6. It is NOT permissible to wear the jersey of a cut/released player of his NEW team – Remember that putz who wore a Peyton Manning Denver Broncos jersey to last year’s Colts preseason game?  Well, I hope by now fans have embraced the Andrew Luck era, and this won’t happen again.  That being said, I also expect that no one will wear a Freeney jersey of his NEW team this coming season.  

7. You CANNOT wear a jersey of a player who did not win a championship on his original team, and only won on a later team -  For example, wearing a Shaq Orlando Magic jersey, or even worse, an A-Rod Mariners jersey – not okay. Lebron James Cavs jersey – another reason it's forbidden.  



8. It is okay to wear a jersey of a retired player, who was highly successful on his first team, and then again on his new team - Best example: Kurt Warner Arizona Cardinals, and another reason it's allowed: he's arguably the best QB they have ever had. You should also be able to wear a Peyton Manning Broncos jersey, after he retires. Tony Gonzalez – you can wear both Chiefs and Falcons, and Ray Allen – both Celtics and Bucks…not Heat, though. That's just ring chasing…

7. Jersey of current player on a different team, wait until retirement – I get it, you want to show your team pride and wear your team’s colors.  Also, you spent that $$, or you got the jersey as a gift, and this is how you connect to the game. Bud Light says, “it’s only weird if it doesn’t work.” But still, wearing the jersey of a player currently on another team should not be encouraged.  Fanship is about supporting the team, whether or not you are “happy” with a certain administrative decision.  Wearing a Colts’ Peyton or Freeney jersey is not supporting the CURRENT state of the Colts’ team, more represents nostalgia.  Nevertheless, even though I do not encourage this practice, I cannot openly criticize someone who does – I totally get where that person is coming from and wearing it is certainly better than selling it!  I mean, who knows who may end up wearing it???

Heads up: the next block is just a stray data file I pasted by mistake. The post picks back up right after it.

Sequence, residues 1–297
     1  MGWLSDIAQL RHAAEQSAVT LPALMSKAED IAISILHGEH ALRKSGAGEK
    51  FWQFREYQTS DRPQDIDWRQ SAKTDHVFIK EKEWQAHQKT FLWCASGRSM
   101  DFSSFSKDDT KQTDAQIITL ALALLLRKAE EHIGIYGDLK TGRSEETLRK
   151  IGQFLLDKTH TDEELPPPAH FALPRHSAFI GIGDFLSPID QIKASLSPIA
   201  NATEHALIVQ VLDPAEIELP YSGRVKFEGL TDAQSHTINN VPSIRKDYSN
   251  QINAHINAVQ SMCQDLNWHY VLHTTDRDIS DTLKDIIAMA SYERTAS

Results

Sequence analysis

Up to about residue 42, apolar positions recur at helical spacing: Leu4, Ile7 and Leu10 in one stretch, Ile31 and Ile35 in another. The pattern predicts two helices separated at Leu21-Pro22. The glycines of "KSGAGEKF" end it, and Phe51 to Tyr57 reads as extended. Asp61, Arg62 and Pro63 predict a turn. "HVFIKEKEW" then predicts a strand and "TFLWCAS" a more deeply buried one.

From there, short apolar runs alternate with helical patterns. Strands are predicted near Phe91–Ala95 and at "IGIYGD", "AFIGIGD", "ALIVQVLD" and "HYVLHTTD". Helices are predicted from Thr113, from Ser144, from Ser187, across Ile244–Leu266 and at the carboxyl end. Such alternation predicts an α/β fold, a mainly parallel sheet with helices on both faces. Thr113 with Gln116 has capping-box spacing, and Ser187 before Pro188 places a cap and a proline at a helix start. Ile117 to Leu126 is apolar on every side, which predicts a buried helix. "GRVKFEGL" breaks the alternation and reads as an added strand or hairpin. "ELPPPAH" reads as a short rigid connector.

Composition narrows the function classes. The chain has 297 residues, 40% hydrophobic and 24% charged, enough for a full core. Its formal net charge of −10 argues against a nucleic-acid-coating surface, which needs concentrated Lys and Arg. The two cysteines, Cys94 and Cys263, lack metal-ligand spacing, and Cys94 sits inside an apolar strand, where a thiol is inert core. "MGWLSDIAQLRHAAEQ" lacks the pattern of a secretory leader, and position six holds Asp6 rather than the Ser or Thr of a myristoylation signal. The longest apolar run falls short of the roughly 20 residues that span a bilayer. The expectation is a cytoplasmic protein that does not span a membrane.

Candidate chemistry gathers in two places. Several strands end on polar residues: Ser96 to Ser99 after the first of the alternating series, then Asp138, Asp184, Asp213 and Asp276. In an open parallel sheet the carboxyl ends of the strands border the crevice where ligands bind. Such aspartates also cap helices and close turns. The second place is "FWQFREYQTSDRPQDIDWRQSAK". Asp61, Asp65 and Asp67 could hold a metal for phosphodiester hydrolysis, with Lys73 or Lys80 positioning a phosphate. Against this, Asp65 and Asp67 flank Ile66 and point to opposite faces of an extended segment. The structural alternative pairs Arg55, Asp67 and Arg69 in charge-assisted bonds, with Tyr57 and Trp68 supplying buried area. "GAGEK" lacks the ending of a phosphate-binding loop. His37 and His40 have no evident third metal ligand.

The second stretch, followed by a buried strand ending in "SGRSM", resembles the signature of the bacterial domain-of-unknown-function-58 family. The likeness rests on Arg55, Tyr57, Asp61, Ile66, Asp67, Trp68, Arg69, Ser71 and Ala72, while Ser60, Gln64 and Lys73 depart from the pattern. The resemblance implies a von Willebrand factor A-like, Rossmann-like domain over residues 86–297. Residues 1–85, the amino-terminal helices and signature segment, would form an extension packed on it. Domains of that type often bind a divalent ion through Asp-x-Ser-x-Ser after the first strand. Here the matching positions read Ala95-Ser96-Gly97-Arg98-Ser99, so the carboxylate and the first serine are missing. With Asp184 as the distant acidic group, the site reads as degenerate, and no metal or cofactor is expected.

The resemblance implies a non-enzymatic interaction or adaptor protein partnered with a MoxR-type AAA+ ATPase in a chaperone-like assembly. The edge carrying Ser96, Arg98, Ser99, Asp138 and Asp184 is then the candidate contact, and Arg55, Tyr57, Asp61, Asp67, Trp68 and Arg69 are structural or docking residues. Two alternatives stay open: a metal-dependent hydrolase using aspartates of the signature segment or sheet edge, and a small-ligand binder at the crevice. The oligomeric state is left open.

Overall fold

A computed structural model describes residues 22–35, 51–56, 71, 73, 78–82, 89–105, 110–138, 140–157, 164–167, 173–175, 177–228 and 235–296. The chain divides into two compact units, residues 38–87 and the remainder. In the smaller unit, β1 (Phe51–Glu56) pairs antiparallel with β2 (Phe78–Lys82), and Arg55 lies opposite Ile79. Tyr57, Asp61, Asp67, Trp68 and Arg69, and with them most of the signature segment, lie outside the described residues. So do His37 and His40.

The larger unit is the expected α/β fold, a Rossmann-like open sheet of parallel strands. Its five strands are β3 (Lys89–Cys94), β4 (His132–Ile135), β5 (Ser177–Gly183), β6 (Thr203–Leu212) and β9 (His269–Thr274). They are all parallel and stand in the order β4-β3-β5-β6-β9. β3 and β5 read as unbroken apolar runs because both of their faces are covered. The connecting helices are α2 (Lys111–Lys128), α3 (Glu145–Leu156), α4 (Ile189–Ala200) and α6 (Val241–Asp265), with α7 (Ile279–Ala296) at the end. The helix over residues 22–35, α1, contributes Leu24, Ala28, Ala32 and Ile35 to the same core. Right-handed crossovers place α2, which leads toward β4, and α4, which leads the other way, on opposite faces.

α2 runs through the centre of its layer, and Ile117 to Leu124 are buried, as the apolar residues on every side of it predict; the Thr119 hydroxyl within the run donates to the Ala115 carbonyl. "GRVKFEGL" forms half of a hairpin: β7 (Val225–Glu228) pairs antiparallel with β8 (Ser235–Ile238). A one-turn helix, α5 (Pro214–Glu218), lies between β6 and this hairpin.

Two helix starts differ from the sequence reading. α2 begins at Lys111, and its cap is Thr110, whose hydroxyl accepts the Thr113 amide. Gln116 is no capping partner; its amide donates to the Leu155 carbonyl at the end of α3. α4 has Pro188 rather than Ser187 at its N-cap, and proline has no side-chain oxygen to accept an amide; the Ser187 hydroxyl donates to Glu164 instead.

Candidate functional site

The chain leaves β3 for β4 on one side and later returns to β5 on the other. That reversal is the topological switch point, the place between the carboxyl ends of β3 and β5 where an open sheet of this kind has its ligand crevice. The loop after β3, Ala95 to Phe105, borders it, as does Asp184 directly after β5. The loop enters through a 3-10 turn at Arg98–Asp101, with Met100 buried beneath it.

In the end, fans should continue to support iconic players like Dwight Freeney or Ed Reed, no matter where they play.  But for now, Dwight Freeney is on a different team and wearing a Colts jersey supports neither the old team nor the current team.  My advice: be patient.  When a player’s time to exit the game arrives, then it’s time to whip that jersey out.  For now, people like myself will have to wait a few more years (thankfully I do own an Andrew Luck jersey for now) but it will be worth the wait.  And, who knows, Freeney or Manning may end up retiring a Colt, like Jeff Saturday will.

Kyle J. Rodriguez

About Kyle J. Rodriguez

A film and numbers guru, Kyle writes about the NFL and the Indianapolis Colts for Bleacher Report, Draft Mecca and The Football Educator, and is a co-founder and associate editor of Colts Authority. Kyle also is a high school sports reporter for the MLive Media Group in Michigan, covering high school sports across the state.